Round 3: *k7, k2tog* Repeat to end.
Round 4: Knit.
Round 5: *k6, k2tog* Repeat to end.
Round 6: Knit.
Round 7: *k5, k2tog* Repeat to end.
Round 8: Knit.
Round 9: *k4, k2tog* Repeat to end.
Round 10: Knit.
Round 11: *k3, k2tog* Repeat to end.
Round 12: *k2, k2tog* Repeat to end.
Round 13: *k1, k2tog* Repeat to end.
Final round: *ktog* Repeat to end. You now have 6 (7) stitches remaining on your needle. Cut yarn, leaving 6″ tail; pull it through remaining stitches and weave in ends.

Using a small amount of scrap yarn, embroider the branch in the outline stitch. Because you’re paying homage to nature here, I find it looks much more realistic to free hand the branch design (as opposed to drawing it on the hat beforehand).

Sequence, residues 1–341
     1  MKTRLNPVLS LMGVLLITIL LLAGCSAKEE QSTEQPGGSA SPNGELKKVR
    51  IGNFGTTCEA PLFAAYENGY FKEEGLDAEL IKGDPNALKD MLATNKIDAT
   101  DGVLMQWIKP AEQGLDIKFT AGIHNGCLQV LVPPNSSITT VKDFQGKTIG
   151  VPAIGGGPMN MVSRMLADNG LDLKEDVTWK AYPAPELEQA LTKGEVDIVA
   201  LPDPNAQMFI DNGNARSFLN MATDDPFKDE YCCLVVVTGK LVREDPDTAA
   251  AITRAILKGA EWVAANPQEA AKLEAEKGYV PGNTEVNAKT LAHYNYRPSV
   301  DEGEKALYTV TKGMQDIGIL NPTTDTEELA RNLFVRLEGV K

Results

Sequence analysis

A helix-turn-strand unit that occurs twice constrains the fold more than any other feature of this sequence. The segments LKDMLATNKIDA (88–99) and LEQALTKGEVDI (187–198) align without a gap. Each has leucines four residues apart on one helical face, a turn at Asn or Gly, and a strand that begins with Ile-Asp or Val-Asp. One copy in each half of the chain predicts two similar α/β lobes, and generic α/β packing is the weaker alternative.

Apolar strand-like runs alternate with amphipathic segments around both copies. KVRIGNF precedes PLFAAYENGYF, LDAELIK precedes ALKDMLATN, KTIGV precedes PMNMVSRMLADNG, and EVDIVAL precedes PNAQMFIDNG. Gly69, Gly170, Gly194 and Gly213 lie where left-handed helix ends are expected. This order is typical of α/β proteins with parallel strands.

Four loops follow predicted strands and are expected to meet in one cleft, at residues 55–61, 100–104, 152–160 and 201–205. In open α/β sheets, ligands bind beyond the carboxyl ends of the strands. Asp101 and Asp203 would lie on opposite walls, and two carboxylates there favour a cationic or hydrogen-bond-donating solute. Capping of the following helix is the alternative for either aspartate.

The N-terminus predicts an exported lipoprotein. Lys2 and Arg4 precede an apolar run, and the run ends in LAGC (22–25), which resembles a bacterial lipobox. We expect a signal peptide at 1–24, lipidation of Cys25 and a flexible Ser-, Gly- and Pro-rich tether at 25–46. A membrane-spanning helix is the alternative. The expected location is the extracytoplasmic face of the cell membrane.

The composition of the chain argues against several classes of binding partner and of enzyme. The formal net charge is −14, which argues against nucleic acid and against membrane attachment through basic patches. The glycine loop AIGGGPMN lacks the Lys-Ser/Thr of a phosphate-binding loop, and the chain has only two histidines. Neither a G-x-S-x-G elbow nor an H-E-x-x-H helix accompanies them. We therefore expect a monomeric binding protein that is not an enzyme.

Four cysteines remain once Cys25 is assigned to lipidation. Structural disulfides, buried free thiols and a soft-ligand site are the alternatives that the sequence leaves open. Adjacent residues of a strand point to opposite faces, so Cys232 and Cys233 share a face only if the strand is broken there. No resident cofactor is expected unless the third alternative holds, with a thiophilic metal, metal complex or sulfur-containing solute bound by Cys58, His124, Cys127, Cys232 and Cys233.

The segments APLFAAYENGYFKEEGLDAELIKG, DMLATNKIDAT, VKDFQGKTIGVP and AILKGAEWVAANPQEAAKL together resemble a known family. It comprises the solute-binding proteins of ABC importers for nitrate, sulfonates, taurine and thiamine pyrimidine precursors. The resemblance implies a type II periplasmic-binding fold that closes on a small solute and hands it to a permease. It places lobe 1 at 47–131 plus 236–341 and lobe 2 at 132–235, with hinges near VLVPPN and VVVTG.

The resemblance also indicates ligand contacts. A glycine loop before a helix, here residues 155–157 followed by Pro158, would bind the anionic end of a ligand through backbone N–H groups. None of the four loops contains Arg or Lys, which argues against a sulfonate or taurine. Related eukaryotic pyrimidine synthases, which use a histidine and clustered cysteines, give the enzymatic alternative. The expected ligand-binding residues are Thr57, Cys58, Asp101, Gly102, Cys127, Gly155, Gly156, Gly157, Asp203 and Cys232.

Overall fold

Cut flowers out of felt (with these, I find it helpful to either draw a pattern onto scrap paper, then pin it into place on the felt and cut around it, or use a quilter’s pencil to draw a template directly onto the felt).With your embroidery thread, use the daisy stitch to attach flowers to the hat. Knot thread and weave ends into the underside of the embroidery.

Late in the Game: Advent Calendar

Two years ago, I woke up at 5 o’clock on a Sunday morning with a bright-as-a-lightbulb idea. By the time Mitch and Lydia woke up, I’d been up for two hours, working, and by the next night, my project was done.

The idea?

An Advent calendar made from stuff that I already had in my closet.

The picture frame with the broken glass, whose backing I kept around “just in case”? That box of origami boxes leftover from the year I used them to wrap chocolate truffles before giving them away as Christmas gifts? The library-style date stamp that I used our family wedding albums?

They all found a new home here: